Opinions

Fri
20
Apr

RANGERS AND INDIANS UNITE TO FIGHT COMANCHES

by Bartee Haile

Texas Rangers and Indian allies in war paint crossed the Red River on Apr. 24, 1858 in search of a common enemy — the Comanches.

The key to Hardin Runnels’ surprising upset of Sam Houston in the election of 1857 was his belligerent attitude toward the North and the Indians. While the new governor could not declare war on the Yankees, he was free to turn Rip Ford loose on the Comanches.

 

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Fri
20
Apr

The Day The Ranch Changed Hands

I first met the crew in the bunkhouse the day that we bought the 4 D’s.

I’d come in that night after supper and found’em all takin’ their ease.

My job was to count all the cattle and stay till the transfer was done.

I offered my hand to the cowboys and asked how the outfit was run.

“My name is Man’well Palamino. Vaquero. I came here to ride.

 

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Fri
13
Apr

MUTINY ON THE ROAD TO SAN JACINTO

By Bartee Haile

Hearing his commander-in-chief had decided to stand and fight, an insubordinate captain rejoined the Texas Army on Apr. 14, 1836 in time for the Battle of San Jacinto. When Travis’ final appeal reached the independence convention at Washington-on-the-Brazos on Mar. 5, 1836, Sam Houston quickly excused himself. He headed for Gonzales “to collect all the armed forces that could be found” and to march to the Alamo according to his “Review of the San Jacinto Campaign” written in 1845.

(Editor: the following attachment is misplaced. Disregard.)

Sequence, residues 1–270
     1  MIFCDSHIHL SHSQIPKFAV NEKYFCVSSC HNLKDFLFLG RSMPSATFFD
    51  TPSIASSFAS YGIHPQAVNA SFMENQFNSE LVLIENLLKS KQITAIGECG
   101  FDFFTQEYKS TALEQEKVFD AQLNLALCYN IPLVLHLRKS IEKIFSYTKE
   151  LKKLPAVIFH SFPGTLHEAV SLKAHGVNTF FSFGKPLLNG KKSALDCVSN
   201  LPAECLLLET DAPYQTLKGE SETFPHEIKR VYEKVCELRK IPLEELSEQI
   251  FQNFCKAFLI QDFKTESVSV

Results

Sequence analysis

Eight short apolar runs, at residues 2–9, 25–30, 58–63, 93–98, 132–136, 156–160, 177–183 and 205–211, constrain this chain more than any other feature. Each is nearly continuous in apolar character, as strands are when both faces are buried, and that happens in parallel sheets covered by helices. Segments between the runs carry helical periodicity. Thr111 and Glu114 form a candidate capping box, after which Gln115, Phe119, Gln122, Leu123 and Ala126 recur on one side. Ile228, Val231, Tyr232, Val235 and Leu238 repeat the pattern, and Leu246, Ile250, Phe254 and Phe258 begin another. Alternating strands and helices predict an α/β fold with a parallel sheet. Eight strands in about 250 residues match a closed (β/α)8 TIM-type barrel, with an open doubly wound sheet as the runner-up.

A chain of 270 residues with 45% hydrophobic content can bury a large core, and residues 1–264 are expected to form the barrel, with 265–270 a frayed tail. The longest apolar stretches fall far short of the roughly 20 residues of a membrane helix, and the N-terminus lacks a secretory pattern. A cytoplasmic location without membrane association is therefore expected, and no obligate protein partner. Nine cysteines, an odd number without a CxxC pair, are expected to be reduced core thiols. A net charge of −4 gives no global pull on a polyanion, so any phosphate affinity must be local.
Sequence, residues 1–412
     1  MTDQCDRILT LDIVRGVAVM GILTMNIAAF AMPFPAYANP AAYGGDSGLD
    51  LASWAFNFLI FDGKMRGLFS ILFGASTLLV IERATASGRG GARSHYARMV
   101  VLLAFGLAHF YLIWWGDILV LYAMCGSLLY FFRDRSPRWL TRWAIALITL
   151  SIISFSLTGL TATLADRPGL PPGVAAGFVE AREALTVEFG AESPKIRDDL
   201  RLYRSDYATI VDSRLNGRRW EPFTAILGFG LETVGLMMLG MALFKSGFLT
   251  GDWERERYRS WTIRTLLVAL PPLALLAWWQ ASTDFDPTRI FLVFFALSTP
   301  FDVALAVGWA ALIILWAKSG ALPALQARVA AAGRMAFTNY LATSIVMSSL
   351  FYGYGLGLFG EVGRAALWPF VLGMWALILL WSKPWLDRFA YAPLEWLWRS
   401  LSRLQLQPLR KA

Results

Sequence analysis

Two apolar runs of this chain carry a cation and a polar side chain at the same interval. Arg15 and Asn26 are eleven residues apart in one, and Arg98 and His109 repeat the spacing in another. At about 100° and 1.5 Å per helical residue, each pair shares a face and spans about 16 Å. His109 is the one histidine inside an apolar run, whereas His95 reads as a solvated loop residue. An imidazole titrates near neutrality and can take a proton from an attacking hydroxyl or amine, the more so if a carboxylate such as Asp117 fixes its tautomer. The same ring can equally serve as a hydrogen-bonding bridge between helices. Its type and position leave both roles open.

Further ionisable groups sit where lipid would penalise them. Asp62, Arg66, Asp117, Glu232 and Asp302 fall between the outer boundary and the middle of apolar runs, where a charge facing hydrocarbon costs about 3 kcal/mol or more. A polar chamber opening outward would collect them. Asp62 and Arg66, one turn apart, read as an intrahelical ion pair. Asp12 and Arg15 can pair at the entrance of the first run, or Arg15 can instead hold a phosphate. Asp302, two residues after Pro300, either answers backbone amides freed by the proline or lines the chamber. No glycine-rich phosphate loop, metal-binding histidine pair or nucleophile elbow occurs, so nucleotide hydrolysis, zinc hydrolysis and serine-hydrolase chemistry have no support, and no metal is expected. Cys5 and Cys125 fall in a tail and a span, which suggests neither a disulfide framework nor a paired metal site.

Fri
13
Apr

THE #1 FAN OF THE ANDREWS MUSTANGS

Leland Hamilton of Andrews watches the Andrews Mustangs practice, no matter what the sport. It seems he’s always on the sidelines, urging the young athletes to do their best. He is at the practices from start to finish.

“I go to volleyball practice, basketball practice, softball, baseball, and I watch track,” says Leland. “Now golf, I’m out at the course some, but I can’t be everywhere. I start going to football practices every August and stay with them ‘til the end of the season. Summer’s a pretty dull time for me ‘cause there’s no practice to go to.”

Coaches appreciate Mr. Hamilton’s giving the kids encouragement. He’s been doing it so long that when the high school publishes its annual sports magazine it features a full-page color picture of him talking to players or coaches. One year the publication was dedicated to him. I visited with him during baseball season.

 

Fri
06
Apr

CLIFF AND NANCY RICHEY, TENNIS’ SHINING SIBLING STARS

By Bartee Haile

A single point away from losing a Madison Square Garden grudge match on Apr. 5, 1968, the female half of tennis’ best ever sister-brother team mounted one of the greatest comebacks in the history of the sport.

The story of Nancy and Cliff Richey starts with their father George. Growing up in San Angelo during the Depression, his own dad groomed him for the boxing ring until his mother put her foot down. The athletic boy next showed promise on the baseball diamond before hurting his pitching arm. Searching for a sport in which he could excel, George picked tennis, easily the least popular pastime in 1930’s West Texas. He practiced from daylight to dark on the only private court in town, which happened to be in a neighbor’s backyard, and taught himself to play with his healthy left arm.

 

Fri
06
Apr

A LOVE STORY

By Baxter Black

This is a love story.